Welcome to the Fleetwood Mac Bonus Track! We’re going to blast through the extensive solo career of Stevie Nicks. Because of the sheer volume of awesome that is the Stevie Nicks Solo Career, I’m going to sum up each album in three sentences-ish each. Hold your hats!
1) Bella Donna, 1981
Released the same year as former lover Lindsay Buckingham’s first solo album, Bella Donna allowed Stevie a chance to finally put out all of the music she was writing that didn’t fit with the Fleetwood Mac line up. You might recognize her classic hit “Edge of Seventeen,” which I learned recently is about the heartbreak and rage caused by the death of a loved one. Other hits from this album include the duets “Stop Draggin’ My Heart Around” with Tom Petty and the Heartbreakers and “Leather and Lace” with Don Henley.
2) The Wild Heart, 1983
Nick’s follow-up album to Bella Donna was released the year after Fleetwood Mac’s Mirage and yet again features Tom Petty on the track “I Will Run to You.” The highest-reaching track on this album was “Stand Back,” which featured Toto’s Steve Lukather on the guitar and reached #5 on the charts. I like The Wild Heart, but the best part of this album is the backstage recording of Stevie Nicks singing an acoustic version of the title track. Watch it:
3) Rock a Little, 1985
During the early production of Rock a Little, Nicks kicked her producer and love interest to the metaphorical curb and started something that rocked a little. Rock a Little rocked it was to #12 on the US charts and peaked in Australia at #5 (Australia got its own single from the album, “Imperial Hotel”).
4) The Other Side of the Mirror, 1989
The Other Side of the Mirror is predominantly a pop album, but a few of the tracks have a very distinctly southern rock feel to them, and there’s some brass scattered throughout. There’s a recurring angel motif through most of these songs, which would make for a great extended review/analysis, if you need a project ;). Apart from “Fire Burning” (3:16), every track on this album is over four minutes long, which is a longer average than most pop artists, but the songs are well worth it.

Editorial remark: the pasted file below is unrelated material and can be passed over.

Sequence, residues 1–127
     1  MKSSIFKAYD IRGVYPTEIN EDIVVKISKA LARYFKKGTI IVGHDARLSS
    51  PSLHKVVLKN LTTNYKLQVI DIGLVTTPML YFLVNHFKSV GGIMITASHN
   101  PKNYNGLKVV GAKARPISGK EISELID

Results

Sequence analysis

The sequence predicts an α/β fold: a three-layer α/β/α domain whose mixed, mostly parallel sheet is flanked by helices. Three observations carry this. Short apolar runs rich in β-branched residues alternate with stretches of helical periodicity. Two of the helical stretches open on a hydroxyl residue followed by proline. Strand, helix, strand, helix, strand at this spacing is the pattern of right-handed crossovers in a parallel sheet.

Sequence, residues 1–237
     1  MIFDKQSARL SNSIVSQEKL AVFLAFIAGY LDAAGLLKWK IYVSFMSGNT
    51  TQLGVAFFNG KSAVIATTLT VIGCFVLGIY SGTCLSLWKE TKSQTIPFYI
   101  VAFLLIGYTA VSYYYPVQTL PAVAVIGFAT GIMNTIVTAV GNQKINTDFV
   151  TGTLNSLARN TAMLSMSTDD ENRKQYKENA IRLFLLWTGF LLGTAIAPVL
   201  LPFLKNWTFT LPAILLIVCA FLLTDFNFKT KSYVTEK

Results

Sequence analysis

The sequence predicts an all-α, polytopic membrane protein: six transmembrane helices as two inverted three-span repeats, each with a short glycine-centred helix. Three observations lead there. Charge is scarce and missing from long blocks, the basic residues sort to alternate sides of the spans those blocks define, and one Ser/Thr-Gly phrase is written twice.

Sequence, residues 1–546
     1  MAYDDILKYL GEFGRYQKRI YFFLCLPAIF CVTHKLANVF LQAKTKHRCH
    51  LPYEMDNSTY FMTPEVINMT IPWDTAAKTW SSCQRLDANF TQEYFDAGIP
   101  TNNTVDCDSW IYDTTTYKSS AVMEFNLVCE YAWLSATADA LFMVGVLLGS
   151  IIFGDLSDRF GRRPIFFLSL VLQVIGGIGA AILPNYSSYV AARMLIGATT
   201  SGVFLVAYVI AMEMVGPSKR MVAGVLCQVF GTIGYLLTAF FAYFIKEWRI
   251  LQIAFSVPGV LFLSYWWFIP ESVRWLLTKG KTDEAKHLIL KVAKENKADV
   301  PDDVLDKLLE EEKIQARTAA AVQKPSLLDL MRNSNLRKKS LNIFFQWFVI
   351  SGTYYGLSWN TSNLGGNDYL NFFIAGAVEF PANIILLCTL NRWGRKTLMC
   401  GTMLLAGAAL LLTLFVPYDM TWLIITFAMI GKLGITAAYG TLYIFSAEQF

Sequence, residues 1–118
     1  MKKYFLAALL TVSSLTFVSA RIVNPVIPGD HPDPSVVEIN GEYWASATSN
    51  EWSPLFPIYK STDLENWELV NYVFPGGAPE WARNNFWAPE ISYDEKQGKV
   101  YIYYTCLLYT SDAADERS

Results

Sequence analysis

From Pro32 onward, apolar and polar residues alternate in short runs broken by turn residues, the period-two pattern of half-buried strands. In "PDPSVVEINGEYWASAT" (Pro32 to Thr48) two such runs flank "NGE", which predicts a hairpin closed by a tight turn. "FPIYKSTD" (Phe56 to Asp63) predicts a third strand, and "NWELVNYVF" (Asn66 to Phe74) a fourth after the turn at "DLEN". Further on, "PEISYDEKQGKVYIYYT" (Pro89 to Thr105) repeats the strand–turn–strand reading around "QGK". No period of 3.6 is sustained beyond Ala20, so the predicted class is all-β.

5) Street Angel, 1994
“Blue Denim” is my favorite track on this album. As a whole, the album is raw and beautiful, but I do kind of lose touch with active listening while it’s on. I’m much more likely to zone/have Street Angel as background music. It’s pleasing, but not very memorable like the bookend albums of Nicks’ thus-far solo career, kind of like almonds.
6) Trouble in Shangri-La, 2001
Trouble in Shangri-La is probably my favorite Stevie Nicks solo album because it’s just so freaking awesome (and poetical and dramatic and fun). This album landed at #5 on the charts because it’s awesome and amazing. Don’t take my word for it — well, do, but go listen to the opening/title track and then feel like you’re flying through a forest on the back of an eagle, swooping low over a clear river and running ripples upstream with your fingertips. This album is magic.
7) In Your Dreams, 2011
Mystical, magical In Your Dreams catapults Nicks further into the sound profile established ten years prior in Trouble in Shangri-La. It’s enjoyable, but it does expand her horizon of themes, which is usually limited to romantic entanglements of mythic proportions; the best example of this is “Soldier’s Angel.” I guess the best way to describe this album is that it straddles the border between a vivid hallucination and a vaguely nightmarish dream (this means it’s scary beautiful like Galadriel). She sings Edgar Allen Poe’s “Annabel Lee.”
I’ll have more Fleetwood Mac Attack for you soon!